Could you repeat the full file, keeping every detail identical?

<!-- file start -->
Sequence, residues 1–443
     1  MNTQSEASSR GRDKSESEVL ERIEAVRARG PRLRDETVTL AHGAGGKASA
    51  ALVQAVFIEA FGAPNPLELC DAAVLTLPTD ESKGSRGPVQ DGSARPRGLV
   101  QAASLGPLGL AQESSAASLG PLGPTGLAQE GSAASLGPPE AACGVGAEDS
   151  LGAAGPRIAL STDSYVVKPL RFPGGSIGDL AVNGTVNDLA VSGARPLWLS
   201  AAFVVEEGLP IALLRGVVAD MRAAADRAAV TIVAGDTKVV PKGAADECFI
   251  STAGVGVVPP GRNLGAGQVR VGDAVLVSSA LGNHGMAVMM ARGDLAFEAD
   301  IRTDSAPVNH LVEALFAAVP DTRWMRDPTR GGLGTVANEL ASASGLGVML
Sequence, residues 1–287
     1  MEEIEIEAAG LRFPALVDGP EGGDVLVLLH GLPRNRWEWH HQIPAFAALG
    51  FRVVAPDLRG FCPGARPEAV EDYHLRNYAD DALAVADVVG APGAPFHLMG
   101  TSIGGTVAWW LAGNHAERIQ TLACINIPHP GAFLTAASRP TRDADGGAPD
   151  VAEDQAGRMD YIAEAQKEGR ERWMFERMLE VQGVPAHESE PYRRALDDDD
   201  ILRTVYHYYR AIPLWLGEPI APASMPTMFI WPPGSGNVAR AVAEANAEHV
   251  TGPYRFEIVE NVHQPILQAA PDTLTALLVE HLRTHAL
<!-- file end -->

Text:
Sequence, residues 1–443
     1  MNTQSEASSR GRDKSESEVL ERIEAVRARG PRLRDETVTL AHGAGGKASA
    51  ALVQAVFIEA FGAPNPLELC DAAVLTLPTD ESKGSRGPVQ DGSARPRGLV
   101  QAASLGPLGL AQESSAASLG PLGPTGLAQE GSAASLGPPE AACGVGAEDS
   151  LGAAGPRIAL STDSYVVKPL RFPGGSIGDL AVNGTVNDLA VSGARPLWLS
   201  AAFVVEEGLP IALLRGVVAD MRAAADRAAV TIVAGDTKVV PKGAADECFI
   251  STAGVGVVPP GRNLGAGQVR VGDAVLVSSA LGNHGMAVMM ARGDLAFEAD
   301  IRTDSAPVNH LVEALFAAVP DTRWMRDPTR GGLGTVANEL ASASGLGVML
Sequence, residues 1–287
     1  MEEIEIEAAG LRFPALVDGP EGGDVLVLLH GLPRNRWEWH HQIPAFAALG
    51  FRVVAPDLRG FCPGARPEAV EDYHLRNYAD DALAVADVVG APGAPFHLMG
   101  TSIGGTVAWW LAGNHAERIQ TLACINIPHP GAFLTAASRP TRDADGGAPD
   151  VAEDQAGRMD YIAEAQKEGR ERWMFERMLE VQGVPAHESE PYRRALDDDD
   201  ILRTVYHYYR AIPLWLGEPI APASMPTMFI WPPGSGNVAR AVAEANAEHV
   251  TGPYRFEIVE NVHQPILQAA PDTLTALLVE HLRTHAL